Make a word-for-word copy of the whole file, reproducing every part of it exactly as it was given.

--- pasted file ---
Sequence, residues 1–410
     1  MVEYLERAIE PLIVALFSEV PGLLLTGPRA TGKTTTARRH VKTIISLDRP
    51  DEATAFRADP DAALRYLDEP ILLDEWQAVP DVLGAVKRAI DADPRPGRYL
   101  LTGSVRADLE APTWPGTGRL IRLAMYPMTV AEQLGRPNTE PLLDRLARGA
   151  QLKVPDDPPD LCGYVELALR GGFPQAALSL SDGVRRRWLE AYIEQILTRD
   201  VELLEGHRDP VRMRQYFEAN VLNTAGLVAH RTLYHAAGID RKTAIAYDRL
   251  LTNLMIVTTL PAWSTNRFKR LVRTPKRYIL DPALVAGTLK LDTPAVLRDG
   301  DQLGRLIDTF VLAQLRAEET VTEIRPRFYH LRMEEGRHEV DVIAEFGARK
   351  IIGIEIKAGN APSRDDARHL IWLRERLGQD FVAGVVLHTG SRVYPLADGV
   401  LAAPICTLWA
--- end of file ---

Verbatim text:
Sequence, residues 1–410
     1  MVEYLERAIE PLIVALFSEV PGLLLTGPRA TGKTTTARRH VKTIISLDRP
    51  DEATAFRADP DAALRYLDEP ILLDEWQAVP DVLGAVKRAI DADPRPGRYL
   101  LTGSVRADLE APTWPGTGRL IRLAMYPMTV AEQLGRPNTE PLLDRLARGA
   151  QLKVPDDPPD LCGYVELALR GGFPQAALSL SDGVRRRWLE AYIEQILTRD
   201  VELLEGHRDP VRMRQYFEAN VLNTAGLVAH RTLYHAAGID RKTAIAYDRL
   251  LTNLMIVTTL PAWSTNRFKR LVRTPKRYIL DPALVAGTLK LDTPAVLRDG
   301  DQLGRLIDTF VLAQLRAEET VTEIRPRFYH LRMEEGRHEV DVIAEFGARK
   351  IIGIEIKAGN APSRDDARHL IWLRERLGQD FVAGVVLHTG SRVYPLADGV
   401  LAAPICTLWA